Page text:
How to swap podcast episodes to promote your podcast

Estimated read time: 5 minutes

One newer way of podcast promotion is by swapping podcast episodes with another podcast in the same or a related niche. I first heard about this strategy on Tanner Campbell’s “Good Morning, Podcasters!” show. He called it a “feed drop.”

In this article, I cover:

What is a feed drop?

Swapping podcast episodes with another podcast is just that:

  • Two podcasts partner

  • One runs an episode of the other show in full.
  • In return, the other podcast runs an episode from the other show

Both show notes link to the other podcast’s preferred webpage to help listeners quickly find and follow the show.

Read next: How to search podcast episodes to find specific content

The biggest difference from simply promoting another show is that it’s the full episode. Promoting another show would be just a quick mention while you run a regular episode.

What are the advantages of a podcast swap?

Several come to mind:

  • The relationship aspect: It’s a great way to reach out to other podcasters – whether you know them or not – and invite them to a joint podcast promotion. It says, “hey, your podcast is great. Can I share it with my audience, too?”
  • Reaching a new audience: Getting the podcast in front of the other show’s audience can help you grow your reach for your podcast.
  • Offering additional types of content to your audience: It can be an advantage for the other show to be played for your audience. In addition, it also offers you another way to share an additional episode without having to produce an additional episode.

Read next: How to create podcast channels on Apple podcasts

How to identify shows to swap podcast episodes with

Some shows are more made for each other than others. No doubt. For example, I listen to sports-related podcasts all the time. While I find them interesting, they have nothing to do with business storytelling and wouldn’t be a good fit for a swap with The Business Storytelling Show. But other marketing shows out there – including ones I regularly listen to – are.

I look for related topics that listeners of my podcast might be interested in. For example, my first scheduled guest podcast episode is one of Jason Falls’ “Winfluence”. The topic is of interest to business storytellers and Jason does a great job with his interviews. It seems like a perfect fit.

To start, I would recommend to start asking podcasters that you already know or whose shows you’ve been a guest on.  I simply send a message like this one:

In addition, you can search for podcasts that cover similar topics to yours. From there, see if you can find a way to contact the hosts through social media or their website. Consider a more formal message along these lines:
Hello, <fn>,
I’m Christoph Trappe and produce and host The Business Storytelling Show. I would love to partner with you and swap episodes to help both of us with a podcast promotion.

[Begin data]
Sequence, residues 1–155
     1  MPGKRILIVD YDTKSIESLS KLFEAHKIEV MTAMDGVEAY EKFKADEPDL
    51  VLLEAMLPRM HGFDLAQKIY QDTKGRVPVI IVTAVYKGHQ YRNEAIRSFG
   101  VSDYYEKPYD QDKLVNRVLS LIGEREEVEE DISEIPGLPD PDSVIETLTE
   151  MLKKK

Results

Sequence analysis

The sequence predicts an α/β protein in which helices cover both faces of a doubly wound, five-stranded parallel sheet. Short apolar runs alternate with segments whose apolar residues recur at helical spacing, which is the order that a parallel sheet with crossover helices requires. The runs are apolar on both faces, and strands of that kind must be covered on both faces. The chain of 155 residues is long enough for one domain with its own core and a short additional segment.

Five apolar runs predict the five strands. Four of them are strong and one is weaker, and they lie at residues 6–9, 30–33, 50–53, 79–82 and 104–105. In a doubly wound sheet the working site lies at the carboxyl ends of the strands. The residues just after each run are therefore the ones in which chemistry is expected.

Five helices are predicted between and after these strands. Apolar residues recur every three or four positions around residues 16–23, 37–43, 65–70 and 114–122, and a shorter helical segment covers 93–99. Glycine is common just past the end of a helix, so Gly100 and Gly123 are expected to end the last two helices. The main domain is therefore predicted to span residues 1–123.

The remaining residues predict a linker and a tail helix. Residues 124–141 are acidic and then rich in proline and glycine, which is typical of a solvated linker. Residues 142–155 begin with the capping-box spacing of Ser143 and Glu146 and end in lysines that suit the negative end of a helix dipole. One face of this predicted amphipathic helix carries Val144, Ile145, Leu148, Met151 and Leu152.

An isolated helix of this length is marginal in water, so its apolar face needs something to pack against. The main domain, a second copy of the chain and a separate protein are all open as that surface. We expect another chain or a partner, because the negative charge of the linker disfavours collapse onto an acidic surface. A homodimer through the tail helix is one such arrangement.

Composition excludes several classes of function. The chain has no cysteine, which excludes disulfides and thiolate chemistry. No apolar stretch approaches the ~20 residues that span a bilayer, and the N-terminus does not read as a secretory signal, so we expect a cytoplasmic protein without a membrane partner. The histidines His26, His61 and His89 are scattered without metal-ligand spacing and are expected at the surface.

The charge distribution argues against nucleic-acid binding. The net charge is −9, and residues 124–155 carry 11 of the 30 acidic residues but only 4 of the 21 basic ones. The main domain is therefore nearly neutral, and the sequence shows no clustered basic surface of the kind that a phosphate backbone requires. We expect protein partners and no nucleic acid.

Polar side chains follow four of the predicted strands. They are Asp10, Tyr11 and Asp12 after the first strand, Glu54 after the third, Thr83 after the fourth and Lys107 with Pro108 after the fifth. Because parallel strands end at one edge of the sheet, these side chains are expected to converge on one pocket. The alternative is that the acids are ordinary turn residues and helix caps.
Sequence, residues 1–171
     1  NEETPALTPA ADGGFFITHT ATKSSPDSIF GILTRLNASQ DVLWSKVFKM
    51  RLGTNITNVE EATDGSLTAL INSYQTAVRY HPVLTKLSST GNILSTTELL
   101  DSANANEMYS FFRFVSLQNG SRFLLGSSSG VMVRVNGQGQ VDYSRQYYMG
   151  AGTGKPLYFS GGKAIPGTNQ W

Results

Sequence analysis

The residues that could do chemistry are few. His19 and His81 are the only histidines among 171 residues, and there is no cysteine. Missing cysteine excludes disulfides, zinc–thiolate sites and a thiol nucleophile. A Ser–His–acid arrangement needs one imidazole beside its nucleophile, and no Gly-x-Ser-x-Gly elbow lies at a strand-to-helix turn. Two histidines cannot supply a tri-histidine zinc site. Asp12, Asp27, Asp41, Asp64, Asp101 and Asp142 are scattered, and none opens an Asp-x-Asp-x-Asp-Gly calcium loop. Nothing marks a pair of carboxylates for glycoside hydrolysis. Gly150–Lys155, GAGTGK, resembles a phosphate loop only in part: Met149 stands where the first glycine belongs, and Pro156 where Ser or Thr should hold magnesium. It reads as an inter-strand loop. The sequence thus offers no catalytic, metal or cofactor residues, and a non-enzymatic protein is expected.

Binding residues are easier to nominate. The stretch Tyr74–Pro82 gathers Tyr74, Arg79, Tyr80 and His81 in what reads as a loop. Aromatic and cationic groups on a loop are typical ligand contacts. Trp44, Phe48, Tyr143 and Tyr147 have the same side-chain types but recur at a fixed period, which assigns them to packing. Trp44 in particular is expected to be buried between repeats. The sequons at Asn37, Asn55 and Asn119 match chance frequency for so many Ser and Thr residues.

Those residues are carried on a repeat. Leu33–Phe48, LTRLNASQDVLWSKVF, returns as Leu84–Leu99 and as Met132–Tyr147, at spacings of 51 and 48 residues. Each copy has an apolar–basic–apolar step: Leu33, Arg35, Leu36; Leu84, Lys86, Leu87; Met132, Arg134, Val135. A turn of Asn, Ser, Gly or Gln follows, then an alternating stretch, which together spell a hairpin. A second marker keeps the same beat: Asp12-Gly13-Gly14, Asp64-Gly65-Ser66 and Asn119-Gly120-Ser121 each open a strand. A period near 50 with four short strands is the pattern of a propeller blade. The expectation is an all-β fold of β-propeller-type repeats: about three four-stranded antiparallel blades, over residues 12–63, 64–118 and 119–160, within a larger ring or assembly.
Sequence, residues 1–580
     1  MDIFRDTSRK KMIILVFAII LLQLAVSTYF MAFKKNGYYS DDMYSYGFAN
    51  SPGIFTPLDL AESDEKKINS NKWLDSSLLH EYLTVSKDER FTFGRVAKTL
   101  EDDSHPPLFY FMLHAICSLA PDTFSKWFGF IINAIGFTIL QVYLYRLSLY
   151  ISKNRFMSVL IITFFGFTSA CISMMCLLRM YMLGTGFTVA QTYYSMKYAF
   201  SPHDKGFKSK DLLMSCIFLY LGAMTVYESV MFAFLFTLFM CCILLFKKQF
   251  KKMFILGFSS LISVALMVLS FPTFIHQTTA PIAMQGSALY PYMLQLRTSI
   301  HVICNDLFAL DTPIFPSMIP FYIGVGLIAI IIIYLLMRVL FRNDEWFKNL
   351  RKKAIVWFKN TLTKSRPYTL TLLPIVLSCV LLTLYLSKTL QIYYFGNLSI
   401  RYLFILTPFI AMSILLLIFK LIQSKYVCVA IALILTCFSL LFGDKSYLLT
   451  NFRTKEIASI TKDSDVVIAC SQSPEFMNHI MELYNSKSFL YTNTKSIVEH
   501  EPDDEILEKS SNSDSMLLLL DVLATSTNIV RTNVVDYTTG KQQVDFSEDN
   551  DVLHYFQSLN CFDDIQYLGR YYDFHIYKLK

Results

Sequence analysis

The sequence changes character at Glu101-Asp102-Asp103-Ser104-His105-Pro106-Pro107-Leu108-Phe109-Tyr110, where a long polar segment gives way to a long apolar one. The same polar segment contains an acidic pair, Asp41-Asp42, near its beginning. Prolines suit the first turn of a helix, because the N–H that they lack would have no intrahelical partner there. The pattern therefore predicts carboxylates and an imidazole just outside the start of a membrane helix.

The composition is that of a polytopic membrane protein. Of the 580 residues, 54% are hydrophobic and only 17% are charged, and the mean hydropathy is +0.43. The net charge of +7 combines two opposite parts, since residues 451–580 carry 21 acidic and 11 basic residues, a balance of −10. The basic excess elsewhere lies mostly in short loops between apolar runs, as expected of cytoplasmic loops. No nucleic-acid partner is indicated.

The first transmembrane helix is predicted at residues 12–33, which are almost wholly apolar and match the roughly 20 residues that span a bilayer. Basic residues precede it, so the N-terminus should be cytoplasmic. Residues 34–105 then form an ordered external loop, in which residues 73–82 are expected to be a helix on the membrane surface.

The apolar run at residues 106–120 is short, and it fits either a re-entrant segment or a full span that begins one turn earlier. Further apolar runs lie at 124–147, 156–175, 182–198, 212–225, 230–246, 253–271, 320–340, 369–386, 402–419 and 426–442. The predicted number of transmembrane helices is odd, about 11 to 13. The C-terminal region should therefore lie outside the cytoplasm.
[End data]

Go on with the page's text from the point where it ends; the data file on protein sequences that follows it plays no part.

Basically, I would run one of your episodes in my stream and would be happy to share an episode that you can run in your stream.
Would you be open to collaborate?
Don’t be discouraged if there are no immediate takers. It’s a newer podcast promotion strategy so it might take a moment for people to wrap their heads around it and – probably more importantly – consider if it’s a tactic that fits their current strategy.

Read next: How to be a good podcast guest

How to do a podcast episode swap

Once you agree to swapping episodes, you’ll have to get the file to the other podcast. While I save many of my episodes I couldn’t tell you where they all are. But it’s easy to download a version from my podcast post – Anchor.

I simply go to the episode and then click the three dots followed by download audio. From there, you can just share it through Google Drive or similar sharing service.

Podcast promotion: How to get the audio for a feed drop

How to introduce a feed drop?

I think it’s a good practice to have a little introduction before getting  to the actual guest episode. You want to give the audience an overview of what’s coming up and why it’s coming up.

You might say something that includes:

  • Why you’re sharing the guest episode.
  • If you are going to do more feed drop episodes in the future.
  • A bit more detail about the podcast that you were sharing an episode from and how people can follow it.

I also include my regular opening and closing.

Feed drop podcast episode art

I use different cover art for my podcast episodes – usually, it includes a picture of the guest.

For a feed drop episode, my options could be to use the generic art with just my face, add the face of the other show’s host or do what Jason Falls did when he feed dropped one of my episodes. He simply took my podcast cover and placed it where he usually places the guest image.

feed drop cover art idea

Overall, I think it’s a great strategy, and I hope to forge many meaningful partnerships through feed drops and strengthen existing ones.

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